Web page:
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AGOW weather Airmen still provide predictions during pandemic

weather Airman takes notes

Maj. Zach Reinbold, 3d Weather Squadron (WS) Det 1 commander, writes down notes during a certification field exercise (CFX), July 29, 2019, at Camp bowie Training Center Texas. The CFX was designed to evaluate the squadron’s overall tactical ability and readiness to provide the U.S. Army with full spectrum environmental support to the Joint Task Force (JTF) fight. While deployed, the Army relies on the 3d WS to provide them with current terrestrial and ground weather reports. These reports are then employed by commanders on the ground as they plan the best tactics and approaches to accomplish the mission. (U.S. Air Force photo by Airman 1st Class Eugene Oliver)

MOODY AIR FORCE BASE, Ga. --

The weather doesn’t stop for a pandemic, and neither do our Airmen. 

Army Weather Support Airmen from the 93d Air Ground Operations Wing (AGOW) worked through the COVID-19 quarantine to protect the Army’s assets at bases across the United States.

The 3rd Combat Weather Squadron (CWS) and the 18th Combat Weather Squadron provided aviation weather support and base resource protection while practicing social distancing and taking necessary precautions against COVID-19.

“We’ve continued to provide aviation support with minimal manning out at the airfield, and our maintenance technicians have continued to work despite min-manning,” said Cindy Howell, 18th CWS supervisory meteorological technician at Fort Rucker, Alabama. “It really hasn’t affected our mission capability whatsoever.” 

These two squadrons are broken down into smaller detachments and operating locations and distributed to 19 Army posts across the country. The 18th CWS is in the East, and the 3d CWS is in the West. Both combat weather squadrons have continued operations despite the need to keep social distance. The 3d CWS’s Operating Location C helped keep Army basic training on track at Fort Leonard Wood, Missouri.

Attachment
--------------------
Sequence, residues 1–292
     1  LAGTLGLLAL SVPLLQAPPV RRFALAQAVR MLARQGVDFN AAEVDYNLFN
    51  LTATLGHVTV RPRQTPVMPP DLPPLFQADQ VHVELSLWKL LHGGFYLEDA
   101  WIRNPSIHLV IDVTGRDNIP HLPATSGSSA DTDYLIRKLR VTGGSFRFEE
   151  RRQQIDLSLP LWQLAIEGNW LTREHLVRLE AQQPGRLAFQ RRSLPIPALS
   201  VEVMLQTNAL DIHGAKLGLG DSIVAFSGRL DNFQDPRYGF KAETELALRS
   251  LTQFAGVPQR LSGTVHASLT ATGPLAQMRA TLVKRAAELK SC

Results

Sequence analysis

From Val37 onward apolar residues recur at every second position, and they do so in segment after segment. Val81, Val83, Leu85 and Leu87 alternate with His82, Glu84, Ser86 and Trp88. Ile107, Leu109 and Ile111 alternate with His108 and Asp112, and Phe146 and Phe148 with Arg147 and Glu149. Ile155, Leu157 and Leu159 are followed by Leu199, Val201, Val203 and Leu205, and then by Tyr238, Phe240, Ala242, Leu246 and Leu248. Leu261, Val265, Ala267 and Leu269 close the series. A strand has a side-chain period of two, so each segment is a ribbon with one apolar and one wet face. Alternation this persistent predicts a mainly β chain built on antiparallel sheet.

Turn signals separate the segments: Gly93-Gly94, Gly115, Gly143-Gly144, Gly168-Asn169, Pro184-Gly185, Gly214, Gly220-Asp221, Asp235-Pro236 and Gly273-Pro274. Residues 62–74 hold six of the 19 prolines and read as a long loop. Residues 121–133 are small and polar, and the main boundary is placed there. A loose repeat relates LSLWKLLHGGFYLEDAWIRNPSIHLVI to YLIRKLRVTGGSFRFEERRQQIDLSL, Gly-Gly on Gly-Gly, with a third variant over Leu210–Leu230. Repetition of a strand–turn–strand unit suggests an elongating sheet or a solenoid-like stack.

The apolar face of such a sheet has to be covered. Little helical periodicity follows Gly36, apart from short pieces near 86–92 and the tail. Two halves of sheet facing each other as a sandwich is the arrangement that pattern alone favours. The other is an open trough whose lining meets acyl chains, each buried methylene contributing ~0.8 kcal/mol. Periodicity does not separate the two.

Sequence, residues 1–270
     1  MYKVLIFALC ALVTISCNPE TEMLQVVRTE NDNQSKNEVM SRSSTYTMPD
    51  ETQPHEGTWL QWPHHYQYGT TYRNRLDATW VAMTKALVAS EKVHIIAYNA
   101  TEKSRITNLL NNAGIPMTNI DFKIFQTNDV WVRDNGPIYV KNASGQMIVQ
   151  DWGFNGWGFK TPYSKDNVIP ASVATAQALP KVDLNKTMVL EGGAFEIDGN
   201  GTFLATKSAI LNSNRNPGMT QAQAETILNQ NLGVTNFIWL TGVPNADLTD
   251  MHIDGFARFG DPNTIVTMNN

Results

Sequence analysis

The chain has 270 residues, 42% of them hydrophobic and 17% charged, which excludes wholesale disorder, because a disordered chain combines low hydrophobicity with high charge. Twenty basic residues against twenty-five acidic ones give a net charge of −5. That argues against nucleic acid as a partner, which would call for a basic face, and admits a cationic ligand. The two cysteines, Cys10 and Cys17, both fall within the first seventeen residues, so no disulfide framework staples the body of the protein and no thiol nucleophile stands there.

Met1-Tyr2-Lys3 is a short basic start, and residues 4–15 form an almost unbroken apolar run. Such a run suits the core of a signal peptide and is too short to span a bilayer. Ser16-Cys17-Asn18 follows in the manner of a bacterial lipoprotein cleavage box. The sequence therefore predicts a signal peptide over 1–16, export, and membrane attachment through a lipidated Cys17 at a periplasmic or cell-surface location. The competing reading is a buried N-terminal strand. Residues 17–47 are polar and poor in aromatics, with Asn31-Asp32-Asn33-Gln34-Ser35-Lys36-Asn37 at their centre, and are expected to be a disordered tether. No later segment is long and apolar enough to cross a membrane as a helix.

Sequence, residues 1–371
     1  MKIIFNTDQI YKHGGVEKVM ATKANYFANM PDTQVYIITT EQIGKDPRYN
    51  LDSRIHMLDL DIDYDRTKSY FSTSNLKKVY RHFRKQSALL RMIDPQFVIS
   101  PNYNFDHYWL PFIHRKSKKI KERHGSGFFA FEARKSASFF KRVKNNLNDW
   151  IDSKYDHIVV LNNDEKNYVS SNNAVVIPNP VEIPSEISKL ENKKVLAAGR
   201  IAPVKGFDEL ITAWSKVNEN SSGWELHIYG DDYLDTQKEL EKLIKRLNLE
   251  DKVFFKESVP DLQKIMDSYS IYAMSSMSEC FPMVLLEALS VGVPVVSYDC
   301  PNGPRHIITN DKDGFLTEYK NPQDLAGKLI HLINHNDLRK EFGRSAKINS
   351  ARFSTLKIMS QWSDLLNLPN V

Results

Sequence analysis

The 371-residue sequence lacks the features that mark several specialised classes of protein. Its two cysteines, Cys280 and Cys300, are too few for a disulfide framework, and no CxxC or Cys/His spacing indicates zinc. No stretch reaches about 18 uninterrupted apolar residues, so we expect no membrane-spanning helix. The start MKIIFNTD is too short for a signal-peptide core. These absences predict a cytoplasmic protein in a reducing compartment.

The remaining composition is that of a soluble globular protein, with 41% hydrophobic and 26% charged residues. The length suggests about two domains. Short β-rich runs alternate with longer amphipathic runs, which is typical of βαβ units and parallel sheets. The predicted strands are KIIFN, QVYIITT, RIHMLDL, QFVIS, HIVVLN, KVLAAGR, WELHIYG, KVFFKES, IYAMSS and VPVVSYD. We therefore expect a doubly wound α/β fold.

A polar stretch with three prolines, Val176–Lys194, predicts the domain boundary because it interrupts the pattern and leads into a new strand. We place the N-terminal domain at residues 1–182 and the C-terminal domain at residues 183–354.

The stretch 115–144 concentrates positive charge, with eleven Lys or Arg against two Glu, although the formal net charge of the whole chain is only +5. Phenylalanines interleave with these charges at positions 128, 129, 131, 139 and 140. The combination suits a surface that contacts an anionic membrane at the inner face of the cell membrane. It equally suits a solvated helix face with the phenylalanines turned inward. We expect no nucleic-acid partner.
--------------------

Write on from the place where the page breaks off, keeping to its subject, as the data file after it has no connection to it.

“The training still goes on. People still come in for basic training. They still have to go to tech school, and they still have to go back out to the field,” said Clint Dobry, 3d CWS supervisory meteorological technician at Fort Leonard Wood. “What has changed though is the travel restrictions for the DOD and for these people going in and out. Since they have to go out to the field to meet the mission, we’ve tried to figure out ways to get these people to their duty stations safely without them having any contact with the local population.”

At Fort Leonard Wood this included flying commercial aircraft directly to the base to transport trainees, and the 3d CWS adapted and supported the needs of these new aircraft. The weather squadrons also keep the base communities safe on the ground. 

“This month we’ve had two severe weather events. We’ve continued to provide severe weather support right from home. We issued the tornado warning for Fort Rucker, again keeping the base population safe,” said Howell. “And it’s a 24/7 job.”

The pandemic hasn’t affected what the squadrons provide to the mission, but it has affected how they work. Social distancing measures mean there are less people on hand to help at the office and more people are working remotely. 

They have also found ways to continue training and maintain their “shoot, move, communicate” skills. Both the 3d CWS and the 18th CWS are tasked with Immediate Response Force and Contingency Response Force missions which require rapid mobility, no matter the operating environment, eliminating the ability to conduct just-in-time training.

“Combat Weather Airmen are notoriously known for getting the mission done despite the challenges they may face,” said Maj. Benjamin Wood, 93d AGOW Commander’s Action Group director. “Being embedded with the Army requires each Airmen to be self-sufficient and forges leaders through the unique environment they operate in. It comes as no surprise our Combat Weather Squadrons are adapting to this new operating environment and finding ways to be ready for the next fight.”

Both combat weather squadrons have worked together to help each other, support the Army, and get the job done.

“Despite the social distancing, we’ve come together like never before, and our mission has carried on and we’ve not missed a beat,” said Howell. “And I’m just real proud of my team, and I’m proud to be part of the 18th [Combat] Weather Squadron.”